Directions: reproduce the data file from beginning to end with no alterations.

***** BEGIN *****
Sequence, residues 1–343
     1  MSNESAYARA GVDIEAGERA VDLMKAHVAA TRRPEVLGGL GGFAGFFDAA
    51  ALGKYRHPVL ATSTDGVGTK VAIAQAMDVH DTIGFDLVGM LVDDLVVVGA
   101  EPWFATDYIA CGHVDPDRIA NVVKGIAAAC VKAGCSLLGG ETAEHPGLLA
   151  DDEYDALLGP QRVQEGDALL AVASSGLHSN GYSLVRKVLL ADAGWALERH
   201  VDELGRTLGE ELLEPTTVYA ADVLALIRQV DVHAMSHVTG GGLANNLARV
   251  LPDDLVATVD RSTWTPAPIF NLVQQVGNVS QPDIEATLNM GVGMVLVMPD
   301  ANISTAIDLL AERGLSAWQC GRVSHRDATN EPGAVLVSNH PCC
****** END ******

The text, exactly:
Sequence, residues 1–343
     1  MSNESAYARA GVDIEAGERA VDLMKAHVAA TRRPEVLGGL GGFAGFFDAA
    51  ALGKYRHPVL ATSTDGVGTK VAIAQAMDVH DTIGFDLVGM LVDDLVVVGA
   101  EPWFATDYIA CGHVDPDRIA NVVKGIAAAC VKAGCSLLGG ETAEHPGLLA
   151  DDEYDALLGP QRVQEGDALL AVASSGLHSN GYSLVRKVLL ADAGWALERH
   201  VDELGRTLGE ELLEPTTVYA ADVLALIRQV DVHAMSHVTG GGLANNLARV
   251  LPDDLVATVD RSTWTPAPIF NLVQQVGNVS QPDIEATLNM GVGMVLVMPD
   301  ANISTAIDLL AERGLSAWQC GRVSHRDATN EPGAVLVSNH PCC